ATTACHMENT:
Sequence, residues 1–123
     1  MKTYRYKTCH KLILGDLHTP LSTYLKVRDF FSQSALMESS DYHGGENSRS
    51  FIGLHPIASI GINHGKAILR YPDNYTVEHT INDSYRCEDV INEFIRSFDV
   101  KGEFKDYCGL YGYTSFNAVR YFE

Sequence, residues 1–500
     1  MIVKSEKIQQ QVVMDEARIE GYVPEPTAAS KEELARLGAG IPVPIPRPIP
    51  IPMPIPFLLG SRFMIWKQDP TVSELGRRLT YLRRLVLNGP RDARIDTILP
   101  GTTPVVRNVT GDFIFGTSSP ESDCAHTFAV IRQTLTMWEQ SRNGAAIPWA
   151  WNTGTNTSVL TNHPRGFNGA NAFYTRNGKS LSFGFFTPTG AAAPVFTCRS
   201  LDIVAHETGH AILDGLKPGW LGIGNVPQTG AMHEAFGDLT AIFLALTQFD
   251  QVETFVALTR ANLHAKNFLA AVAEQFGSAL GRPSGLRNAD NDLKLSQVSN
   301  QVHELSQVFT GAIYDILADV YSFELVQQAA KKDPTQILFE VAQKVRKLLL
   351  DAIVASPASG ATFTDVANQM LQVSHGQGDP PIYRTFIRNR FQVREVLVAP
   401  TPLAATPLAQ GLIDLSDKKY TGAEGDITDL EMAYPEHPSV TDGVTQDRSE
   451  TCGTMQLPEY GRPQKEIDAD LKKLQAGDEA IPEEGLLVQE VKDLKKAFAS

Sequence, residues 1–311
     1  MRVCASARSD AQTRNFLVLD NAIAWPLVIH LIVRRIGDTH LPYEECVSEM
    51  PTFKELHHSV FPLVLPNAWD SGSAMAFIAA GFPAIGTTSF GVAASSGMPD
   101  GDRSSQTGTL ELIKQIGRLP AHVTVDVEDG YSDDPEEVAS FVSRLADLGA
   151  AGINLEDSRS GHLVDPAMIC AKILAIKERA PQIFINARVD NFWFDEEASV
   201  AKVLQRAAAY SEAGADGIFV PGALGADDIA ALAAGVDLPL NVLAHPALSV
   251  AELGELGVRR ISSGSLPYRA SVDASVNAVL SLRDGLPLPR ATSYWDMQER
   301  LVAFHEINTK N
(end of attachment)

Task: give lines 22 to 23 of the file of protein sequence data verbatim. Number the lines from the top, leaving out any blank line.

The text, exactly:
   251  AELGELGVRR ISSGSLPYRA SVDASVNAVL SLRDGLPLPR ATSYWDMQER
   301  LVAFHEINTK N